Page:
The one who does not love does not know God, because God is love (1 John 4:8 CSB).
To be loved by the Almighty God, the Creator and Sustainer of all things, is truly awesome. For this reason, we ought to know as much about it as possible. Next, let’s consider the characteristics of God’s love.
- God’s love is uninfluenced or uncaused by motives apart from God himself. God’s love is spontaneous, flowing out from his loving nature. God traces his love for his creatures, not to their goodness, but to his (Deuteronomy 7:7-8). Anything that he does proceeds from his purpose and grace (2 Timothy 1:9). The expression of God’s love toward his people came from his decision to make the riches of his glory known to them (Romans 9:23-24). In fact, our love for God comes from his love for us (1 John 4:19).
- God’s love is eternal. God did not develop love when he created. No, God has always enjoyed love within the Persons of the Trinity (John 17:24). But what is even more amazing is that God from eternity set his love upon his people (Jeremiah 31:3) and predestined us to be adopted as his sons through Jesus Christ (Ephesians 1:4-6).
- God’s love is infinite. It is not measured by our puny ability to calculate or imagine its true glory. Instead, it is as great as God himself (Ephesians 3:18-19). It is a love of such power that it can overcome the greatest obstacles (Ephesians 2:4-5) and move God to give the greatest gift, his one and only Son (John 3:16).
- God’s love is immutable (Romans 8:35-39). As it springs forth from eternity, so nothing can stop God’s love. It keeps a strong hold on all those on whom God sets his heart (John 10:27-29). This ought to produce great confidence in Christ’s followers, even during the darkest hours and in the face of the worst evil. At all times, we are “brothers loved by God” (1 Thessalonians 1:4). Since God’s love comes from his loving nature, it cannot be changed by our failure to love or trust or obey God.
- God’s love is sovereign. We have yet to consider God’s sovereignty, but we must know that God loves whom he will. He is under no obligation to love any. All that any human deserves is justice. If we receive mercy instead of condemnation, it is not something that we can control or force God to extend. It is completely a gift of free grace, proceeding from God’s good pleasure (Luke 10:21). A clear example of this is God’s declaration about Jacob and Esau (Romans 9:10-13). “There was no more reason in Jacob why he should be the object of Divine love, than there was in Esau. They both had the same parents, and were born at the same time, being twins; yet God loved the one and hated the other! Why? Because it pleased Him to do so” (Pink, The Attributes of God, p. 93] “God set his love upon Jacob purely as an act of his sovereign will… To most people this is an unpopular teaching, but it is the only way things can be if God is truly to be God. Assume the opposite: God’s love is regulated by something other than his sovereignty. In that case God would be regulated by this other thing (whatever it is) and would thus be brought under its power. That is impossible if he is still to be God. In Scripture no cause for God’s love other than his electing is ever given” (Boice, God the Redeemer, p. 217]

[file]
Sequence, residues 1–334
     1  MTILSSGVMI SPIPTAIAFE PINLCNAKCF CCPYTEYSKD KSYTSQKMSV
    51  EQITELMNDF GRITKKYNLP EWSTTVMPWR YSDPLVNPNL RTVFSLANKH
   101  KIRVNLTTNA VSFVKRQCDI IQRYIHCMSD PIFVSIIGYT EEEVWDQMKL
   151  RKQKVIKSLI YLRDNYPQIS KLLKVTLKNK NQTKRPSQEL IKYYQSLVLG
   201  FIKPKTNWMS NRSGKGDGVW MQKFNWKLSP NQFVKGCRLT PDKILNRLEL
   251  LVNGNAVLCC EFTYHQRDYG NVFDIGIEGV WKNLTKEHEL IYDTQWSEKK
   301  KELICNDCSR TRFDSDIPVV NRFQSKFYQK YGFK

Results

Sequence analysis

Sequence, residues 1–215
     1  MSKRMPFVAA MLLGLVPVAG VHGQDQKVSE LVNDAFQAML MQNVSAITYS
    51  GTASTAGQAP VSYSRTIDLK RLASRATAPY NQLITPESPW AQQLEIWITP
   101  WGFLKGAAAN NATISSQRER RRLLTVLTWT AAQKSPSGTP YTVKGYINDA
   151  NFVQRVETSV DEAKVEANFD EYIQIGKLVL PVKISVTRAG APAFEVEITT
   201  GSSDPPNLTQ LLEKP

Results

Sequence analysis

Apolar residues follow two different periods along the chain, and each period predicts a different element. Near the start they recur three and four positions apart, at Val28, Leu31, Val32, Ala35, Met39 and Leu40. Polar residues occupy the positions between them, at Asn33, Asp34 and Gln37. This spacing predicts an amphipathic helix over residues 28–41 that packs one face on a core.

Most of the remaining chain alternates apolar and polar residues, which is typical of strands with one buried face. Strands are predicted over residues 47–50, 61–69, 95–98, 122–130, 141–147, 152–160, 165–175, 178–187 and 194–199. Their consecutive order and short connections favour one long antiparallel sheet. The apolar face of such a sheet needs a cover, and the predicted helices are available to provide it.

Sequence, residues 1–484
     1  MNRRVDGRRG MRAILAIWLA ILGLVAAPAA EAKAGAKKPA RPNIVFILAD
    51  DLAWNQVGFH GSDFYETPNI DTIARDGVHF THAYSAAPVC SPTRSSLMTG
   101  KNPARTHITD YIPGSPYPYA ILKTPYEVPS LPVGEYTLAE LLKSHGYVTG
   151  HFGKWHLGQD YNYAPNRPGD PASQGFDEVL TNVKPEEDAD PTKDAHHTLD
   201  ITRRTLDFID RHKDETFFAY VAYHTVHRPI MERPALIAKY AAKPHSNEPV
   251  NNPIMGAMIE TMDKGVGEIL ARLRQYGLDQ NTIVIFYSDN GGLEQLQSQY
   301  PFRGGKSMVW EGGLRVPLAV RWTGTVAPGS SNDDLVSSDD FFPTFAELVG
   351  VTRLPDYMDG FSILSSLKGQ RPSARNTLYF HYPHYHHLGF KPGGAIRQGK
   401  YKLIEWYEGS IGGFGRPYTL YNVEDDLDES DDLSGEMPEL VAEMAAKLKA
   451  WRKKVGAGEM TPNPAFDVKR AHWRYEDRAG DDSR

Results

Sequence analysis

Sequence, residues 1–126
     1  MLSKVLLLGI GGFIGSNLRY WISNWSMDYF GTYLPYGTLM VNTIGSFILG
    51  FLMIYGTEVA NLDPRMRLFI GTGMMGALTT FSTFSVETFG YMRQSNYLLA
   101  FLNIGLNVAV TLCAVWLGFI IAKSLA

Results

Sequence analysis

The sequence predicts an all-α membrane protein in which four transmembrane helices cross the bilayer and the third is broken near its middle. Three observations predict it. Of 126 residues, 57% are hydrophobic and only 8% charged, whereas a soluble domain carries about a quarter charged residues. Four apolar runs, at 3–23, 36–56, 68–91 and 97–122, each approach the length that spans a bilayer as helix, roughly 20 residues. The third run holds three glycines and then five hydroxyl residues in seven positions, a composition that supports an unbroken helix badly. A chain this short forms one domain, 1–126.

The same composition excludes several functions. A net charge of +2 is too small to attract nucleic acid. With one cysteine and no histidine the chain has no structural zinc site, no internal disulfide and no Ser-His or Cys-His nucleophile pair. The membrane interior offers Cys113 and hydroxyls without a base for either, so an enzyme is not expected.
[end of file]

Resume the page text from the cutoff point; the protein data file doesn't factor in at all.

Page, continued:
Someone once thought about John 3:16 and the greatness of God’s love and wrote about “Christ—the Greatest Gift”. I have modified a few words to present the idea more accurately.
God: the greatest Lover
so loved: the greatest degree
the world: the greatest wonder
that he gave: the greatest act
his one and only Son: the greatest gift
that whoever: the greatest offer
believes: the greatest simplicity
in him: the greatest attraction
shall not perish: the greatest promise
but: the greatest difference
have: the greatest certainty
eternal life: the greatest possession
Grace and peace, David